Of Mothers and Birds
Another true story
A wagtail attended my great-grandmother’s funeral.
We saw it from inside the modest stone hall where we gathered to attend the first rites of mourning. At the rear of the hall, two large doors opened to the cemetery grounds. A bitumen road lay extended between grassy beds. On the road was the wagtail. Quietly swaying. Inside an old Rabbi recited his prayer. He called on us with the honour of accompanying the coffin to assemble. My brothers, my uncle and cousins. We wheeled the coffin on a metal barrow towards the grave, towards the wagtail, who fluttered, and each time landed further along the way. Behind us nearly fifty people walked politely. My great-grandmother was much admired, and she died in due course. The wagtail was waiting when we reached the grave. Later I learned my mother and grandmother were both aware of its presence. They said the bird bore her spirit. A link between this world and the next. As is the custom, each person in attendance took their turn filling the grave with three shovels full of earth. The first few made thuds, of dirt on wood. The wagtail stayed until the end.
These days I think of her most often as the bird. My great-grandmother the wagtail. After so many years. Occasionally I remember her body. Tiny and frail. By the time she died there was barely a foot from one shoulder to the other, and her chest, which carried the absence of a cancer she survived, was a valley between them. I never saw her legs or feet. She always wore stockings. But I know she travelled a long way. She fled the Pale, landed in the Cape, crossed the Indian. Thousands and thousands of miles, much of it alone. When her husband died she was only halfway. My mother loved her most of all. They were both survivors.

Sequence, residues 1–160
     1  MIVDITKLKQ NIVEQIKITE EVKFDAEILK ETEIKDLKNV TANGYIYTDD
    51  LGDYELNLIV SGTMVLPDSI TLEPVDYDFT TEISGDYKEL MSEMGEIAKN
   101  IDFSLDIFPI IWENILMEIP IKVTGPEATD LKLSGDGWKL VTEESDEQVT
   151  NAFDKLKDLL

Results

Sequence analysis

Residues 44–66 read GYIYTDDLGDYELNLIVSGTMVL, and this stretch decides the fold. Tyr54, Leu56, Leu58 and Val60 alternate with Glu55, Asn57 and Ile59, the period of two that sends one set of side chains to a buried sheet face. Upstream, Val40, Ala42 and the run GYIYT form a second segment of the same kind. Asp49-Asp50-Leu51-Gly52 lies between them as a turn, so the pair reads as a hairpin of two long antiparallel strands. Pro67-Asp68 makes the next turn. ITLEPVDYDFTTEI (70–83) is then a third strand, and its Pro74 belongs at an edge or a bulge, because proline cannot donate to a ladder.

My grandmother is getting smaller now. And my mother. Becoming birds. My grandmother’s spine is bent. She spends her time among fruit trees and shrubs, and a small pond in her garden. She likes to stay put. Maybe a rail. Meanwhile my mother is a little bigger, better fed, her chest was reconstructed so that she carries her scars differently. She likes to walk, and make nests. But I hesitate to think of her as a bird. Only recently did I allow myself to think of her as dying at all. I was flying back from a visit. And the thought of life without her entered my mind in a way I hadn’t known it to do before. Not since I was ten, when I vividly imagined my own non-existence, had I experienced so dizzying a recognition. I felt the world expand and empty all at once. In it she was only a memory. The image of her I carry in my mind was all I could hold, and suddenly it began to glisten. Her laugh grew loud, her smile, the shape of her nose. I thought of my brothers, my dad. I thought of us all in a stone hall scanning for birds.